impossible job. This is an impossible task.” No, not at all. And
now, Helen Keller has become indeed a legend.
What I am saying is
that we Christians have a driving hope. We have a living hope. We
have a hope for God’s reign of justice, love and peace for this
big world of the earth. We also have a hope for God’s reign of
justice, love and peace in this little personal world of ours.
I love what Soren
Kirkegaard, the great Danish philosopher, said about hope.
Kirkegaard’s definition of hope was “hope is the passion for the
possible.” Hope is the passion for the possible.
Bill Foege had a
passion that smallpox would be eliminated from the earth. Martin
Luther King Jr. had a passion that blacks and whites would live
together as equals in our society. Anne Sullivan had a passion that
young Helen Keller would learn to read, write and communicate.
Theirs was a passion for the possible and it happened.
Don’t quit too
soon. Don’t give up hope too soon. I have known many men and women
in our congregation who have not given up hope, that their marriages
could be restored. I know all kinds of men and women in our
congregation who did not give up hope. I know all kinds of parents
in our parish who did not give up hope on their kids. When their
kids were all strung out on drugs and were rebellious and surely,
these parents did not give up hope for the possible. I know mothers
and fathers who have not given up hope on a child become an adult
who has wandered away from Jesus Christ and is no longer walking
with Jesus Christ. These parents do not give up hope on their
children? Why? Because of a God given hope.
When the God of
hope lives inside of you, God gives you peace and joy in believing,
and we abound in hope. We are filled with hope, we are overflowing with hope, we are
imbued with hope. Why? Well, that’s just the way God’s people
In the earlier
service today, there was a man here from the Philippines. Dave Head,
a member of our congregation who works on occasion with World Bank,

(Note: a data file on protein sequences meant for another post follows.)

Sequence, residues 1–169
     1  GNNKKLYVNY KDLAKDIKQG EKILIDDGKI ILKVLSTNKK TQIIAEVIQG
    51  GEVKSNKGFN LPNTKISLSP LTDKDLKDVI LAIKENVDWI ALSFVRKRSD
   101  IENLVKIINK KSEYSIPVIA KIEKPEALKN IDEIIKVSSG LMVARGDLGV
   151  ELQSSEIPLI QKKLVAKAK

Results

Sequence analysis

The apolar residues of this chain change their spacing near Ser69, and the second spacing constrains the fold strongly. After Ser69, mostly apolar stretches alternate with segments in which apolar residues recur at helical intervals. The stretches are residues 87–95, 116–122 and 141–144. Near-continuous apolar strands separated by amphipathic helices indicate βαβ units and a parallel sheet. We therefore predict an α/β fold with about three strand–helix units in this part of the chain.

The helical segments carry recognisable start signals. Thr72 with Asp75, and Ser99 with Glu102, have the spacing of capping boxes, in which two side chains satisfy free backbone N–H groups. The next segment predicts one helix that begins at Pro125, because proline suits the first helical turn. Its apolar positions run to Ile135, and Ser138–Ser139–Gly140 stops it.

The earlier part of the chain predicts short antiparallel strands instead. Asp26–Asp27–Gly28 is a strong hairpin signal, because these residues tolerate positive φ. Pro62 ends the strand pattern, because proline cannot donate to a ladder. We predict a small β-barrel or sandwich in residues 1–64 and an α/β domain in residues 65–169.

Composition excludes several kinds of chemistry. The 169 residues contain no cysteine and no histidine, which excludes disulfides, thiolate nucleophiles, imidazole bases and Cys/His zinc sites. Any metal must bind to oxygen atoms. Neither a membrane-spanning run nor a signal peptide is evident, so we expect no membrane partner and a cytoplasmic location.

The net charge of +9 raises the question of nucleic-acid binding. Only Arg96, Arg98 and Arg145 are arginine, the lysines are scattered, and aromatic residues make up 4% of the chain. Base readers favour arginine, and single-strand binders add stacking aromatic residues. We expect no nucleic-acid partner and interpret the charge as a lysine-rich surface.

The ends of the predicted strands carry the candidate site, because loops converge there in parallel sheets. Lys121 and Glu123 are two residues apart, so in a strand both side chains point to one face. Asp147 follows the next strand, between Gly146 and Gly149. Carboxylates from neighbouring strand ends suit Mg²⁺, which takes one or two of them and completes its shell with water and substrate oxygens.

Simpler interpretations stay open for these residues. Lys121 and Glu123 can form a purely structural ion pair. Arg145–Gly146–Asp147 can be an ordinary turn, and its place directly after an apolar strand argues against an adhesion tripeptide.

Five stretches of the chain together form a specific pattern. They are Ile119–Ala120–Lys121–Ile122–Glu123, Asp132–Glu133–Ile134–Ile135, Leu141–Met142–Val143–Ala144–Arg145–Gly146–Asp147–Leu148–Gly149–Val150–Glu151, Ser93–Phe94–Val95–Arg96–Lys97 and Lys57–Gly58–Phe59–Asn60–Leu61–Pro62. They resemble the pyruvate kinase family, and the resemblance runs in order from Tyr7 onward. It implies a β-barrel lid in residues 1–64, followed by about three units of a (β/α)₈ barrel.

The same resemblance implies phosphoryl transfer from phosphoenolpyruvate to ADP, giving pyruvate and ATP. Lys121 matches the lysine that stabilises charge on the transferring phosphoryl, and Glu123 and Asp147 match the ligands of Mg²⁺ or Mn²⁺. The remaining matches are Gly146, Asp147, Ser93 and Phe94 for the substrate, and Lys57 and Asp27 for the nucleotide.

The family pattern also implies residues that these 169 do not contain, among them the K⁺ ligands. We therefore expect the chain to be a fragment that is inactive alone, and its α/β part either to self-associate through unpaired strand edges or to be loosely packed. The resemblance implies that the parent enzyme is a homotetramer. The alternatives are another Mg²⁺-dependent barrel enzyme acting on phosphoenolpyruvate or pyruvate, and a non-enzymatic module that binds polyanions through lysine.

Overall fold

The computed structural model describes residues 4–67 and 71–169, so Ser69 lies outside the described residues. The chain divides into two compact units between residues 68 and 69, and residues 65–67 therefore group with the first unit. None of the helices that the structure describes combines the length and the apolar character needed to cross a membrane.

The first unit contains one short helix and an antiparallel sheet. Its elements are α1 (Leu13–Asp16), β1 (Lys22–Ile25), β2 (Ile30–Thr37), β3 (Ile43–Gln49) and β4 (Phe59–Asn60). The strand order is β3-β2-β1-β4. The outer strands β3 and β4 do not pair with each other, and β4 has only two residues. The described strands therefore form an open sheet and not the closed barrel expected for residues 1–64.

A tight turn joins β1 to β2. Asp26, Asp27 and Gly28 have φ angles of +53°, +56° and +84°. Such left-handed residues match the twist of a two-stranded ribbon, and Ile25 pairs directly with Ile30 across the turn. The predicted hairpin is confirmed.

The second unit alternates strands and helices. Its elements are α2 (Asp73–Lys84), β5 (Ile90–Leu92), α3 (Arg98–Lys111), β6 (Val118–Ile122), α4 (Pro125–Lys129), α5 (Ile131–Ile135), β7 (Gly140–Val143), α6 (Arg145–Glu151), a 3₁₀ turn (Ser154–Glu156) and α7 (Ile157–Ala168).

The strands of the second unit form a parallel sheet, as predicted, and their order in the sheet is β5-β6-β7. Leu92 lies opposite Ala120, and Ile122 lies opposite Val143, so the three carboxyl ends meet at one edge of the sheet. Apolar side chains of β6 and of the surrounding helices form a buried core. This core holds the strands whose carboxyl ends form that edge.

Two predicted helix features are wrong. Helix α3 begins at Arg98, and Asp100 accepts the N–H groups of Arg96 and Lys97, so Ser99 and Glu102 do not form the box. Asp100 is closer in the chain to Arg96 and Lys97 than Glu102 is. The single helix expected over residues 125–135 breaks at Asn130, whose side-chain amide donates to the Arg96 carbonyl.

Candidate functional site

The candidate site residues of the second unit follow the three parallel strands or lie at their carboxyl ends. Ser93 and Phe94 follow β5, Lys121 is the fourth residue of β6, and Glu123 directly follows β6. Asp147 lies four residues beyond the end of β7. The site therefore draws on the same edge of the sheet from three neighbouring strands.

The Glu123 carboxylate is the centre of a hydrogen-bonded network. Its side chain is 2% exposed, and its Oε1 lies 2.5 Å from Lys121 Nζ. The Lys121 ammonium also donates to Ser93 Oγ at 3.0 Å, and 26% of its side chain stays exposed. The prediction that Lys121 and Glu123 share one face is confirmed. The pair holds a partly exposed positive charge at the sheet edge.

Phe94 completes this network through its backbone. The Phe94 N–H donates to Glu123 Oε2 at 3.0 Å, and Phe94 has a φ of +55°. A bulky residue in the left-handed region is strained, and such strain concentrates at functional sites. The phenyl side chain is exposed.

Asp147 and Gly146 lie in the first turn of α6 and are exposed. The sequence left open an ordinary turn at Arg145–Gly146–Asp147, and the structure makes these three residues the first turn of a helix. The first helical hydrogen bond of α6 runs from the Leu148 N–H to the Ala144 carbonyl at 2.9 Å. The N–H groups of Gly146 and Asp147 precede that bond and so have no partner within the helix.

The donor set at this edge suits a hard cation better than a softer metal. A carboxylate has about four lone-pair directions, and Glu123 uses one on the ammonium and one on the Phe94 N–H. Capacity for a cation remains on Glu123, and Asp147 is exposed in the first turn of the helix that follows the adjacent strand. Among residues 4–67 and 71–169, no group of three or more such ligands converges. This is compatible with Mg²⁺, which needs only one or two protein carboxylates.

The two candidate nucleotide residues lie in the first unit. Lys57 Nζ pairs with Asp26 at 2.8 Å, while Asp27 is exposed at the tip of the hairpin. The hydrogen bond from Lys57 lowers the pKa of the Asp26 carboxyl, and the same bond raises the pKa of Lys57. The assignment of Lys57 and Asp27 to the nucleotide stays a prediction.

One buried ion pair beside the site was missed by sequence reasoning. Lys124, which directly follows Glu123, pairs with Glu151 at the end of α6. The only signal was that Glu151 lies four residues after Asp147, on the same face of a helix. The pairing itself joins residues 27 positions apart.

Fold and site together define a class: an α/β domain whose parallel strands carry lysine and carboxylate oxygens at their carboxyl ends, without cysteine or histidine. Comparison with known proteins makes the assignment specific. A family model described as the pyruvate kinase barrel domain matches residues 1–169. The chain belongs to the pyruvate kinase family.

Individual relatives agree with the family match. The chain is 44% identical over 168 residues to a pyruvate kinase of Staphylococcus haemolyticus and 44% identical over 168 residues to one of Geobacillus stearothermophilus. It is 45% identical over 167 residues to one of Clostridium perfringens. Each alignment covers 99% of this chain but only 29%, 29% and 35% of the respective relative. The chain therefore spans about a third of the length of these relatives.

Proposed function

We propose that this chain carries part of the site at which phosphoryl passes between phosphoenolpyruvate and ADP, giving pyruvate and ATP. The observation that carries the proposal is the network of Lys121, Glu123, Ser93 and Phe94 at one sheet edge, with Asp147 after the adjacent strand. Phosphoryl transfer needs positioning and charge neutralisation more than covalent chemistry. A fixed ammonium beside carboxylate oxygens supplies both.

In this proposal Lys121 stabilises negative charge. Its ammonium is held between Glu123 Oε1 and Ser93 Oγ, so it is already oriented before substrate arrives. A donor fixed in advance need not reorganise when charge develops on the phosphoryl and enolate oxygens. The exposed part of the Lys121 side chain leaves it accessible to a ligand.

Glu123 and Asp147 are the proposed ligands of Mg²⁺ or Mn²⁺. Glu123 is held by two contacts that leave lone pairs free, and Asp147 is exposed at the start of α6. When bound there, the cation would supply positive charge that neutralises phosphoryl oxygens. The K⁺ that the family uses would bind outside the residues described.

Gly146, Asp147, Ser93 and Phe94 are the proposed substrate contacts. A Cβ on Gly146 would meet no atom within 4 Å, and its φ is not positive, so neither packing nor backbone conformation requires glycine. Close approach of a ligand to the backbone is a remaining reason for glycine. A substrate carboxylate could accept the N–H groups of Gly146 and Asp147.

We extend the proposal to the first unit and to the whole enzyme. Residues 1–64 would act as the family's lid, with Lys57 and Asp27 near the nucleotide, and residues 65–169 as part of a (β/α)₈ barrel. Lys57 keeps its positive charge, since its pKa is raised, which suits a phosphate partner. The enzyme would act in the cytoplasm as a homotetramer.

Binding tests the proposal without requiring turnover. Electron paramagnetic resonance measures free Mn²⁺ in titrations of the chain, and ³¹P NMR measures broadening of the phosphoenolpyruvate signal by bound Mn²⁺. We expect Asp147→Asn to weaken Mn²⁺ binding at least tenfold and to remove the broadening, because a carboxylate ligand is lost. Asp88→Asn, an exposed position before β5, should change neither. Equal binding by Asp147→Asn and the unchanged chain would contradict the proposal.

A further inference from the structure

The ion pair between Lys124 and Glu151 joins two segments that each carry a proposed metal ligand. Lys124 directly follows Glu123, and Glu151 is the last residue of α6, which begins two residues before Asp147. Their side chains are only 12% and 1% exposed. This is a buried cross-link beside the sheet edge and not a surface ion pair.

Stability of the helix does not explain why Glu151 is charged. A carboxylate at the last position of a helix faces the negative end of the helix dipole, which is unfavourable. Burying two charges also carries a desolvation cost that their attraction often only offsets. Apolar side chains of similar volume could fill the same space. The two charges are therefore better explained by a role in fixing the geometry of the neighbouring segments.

was over in the Philippines, and he was trying to help restructure
their Department of Agriculture. A friend of David’s from the
Philippines was sitting here during the first service, and he asked
me to say something about Mrs. Aquino, the great president of the
Philippines. He told me that she had a passionate hope that the
Philippines would be a democracy, that there would be a restoration
of a solid government in that country, that it was not easy for her.
Her husband was killed. Her family was injured. There were all kinds
of pressures on her. But that little lady, a great lady and devout
Roman Catholic, she didn’t give up hope. She didn’t give up
faith. She had a hope, a driving and passionate hope, that a just
society could be established in the Philippines. That is what a man
from the Philippines told me after the previous worship service.
That is the way it
is for those of us who are prisoners of hope, using a phrase from
the prophet Zechariah.
We Christians are
people who have hope, hope for this world but also hope for
the next world. We have the absolute sure and certain hope of
Let me tell you a
story. I went over to see Rueb Goetz this past week. He was supposed
to come home from the hospital on Monday. He had a quadruple
by-pass. Rueb was told that it was possible that he could die during
a particular test before his by-pass surgery, but his doctor assured
him that he thought the test would be safe. But in the process,
Rueb’s heart stopped and they had to pump his chest and shock his
heart and Rueb came back to life. The doctor then said that he was
going to change Rueb’s medication and then Rueb would take the
same test the next day. Rueb was thinking about that and was very
apprehensive. Rueben went through that test with flying colors. But
whether Rueben would have lived or died, Rueb knew that his future
was assured. That is what he told me. We have a sure and certain
hope that today we will be in paradise with God, whether we live or
die in an exacting test or in surgery or anyplace else.
By far the greatest
hope that God has ever given to us is that glorious promise that we
shall live with him for all eternity. We live with that sure and
certain hope of the resurrection.
We Christians have
hope: hope for our future in this world here on earth and hope for
our future in the next world in heaven.
I ask you a
personal question: what does it mean for you when you hear the
words, “May the God of hope give you joy and peace in believing,
that you may abound in hope, be filled with hope, be overflowing
with hope for the future?” What do these words mean for you in
your situation today? Amen.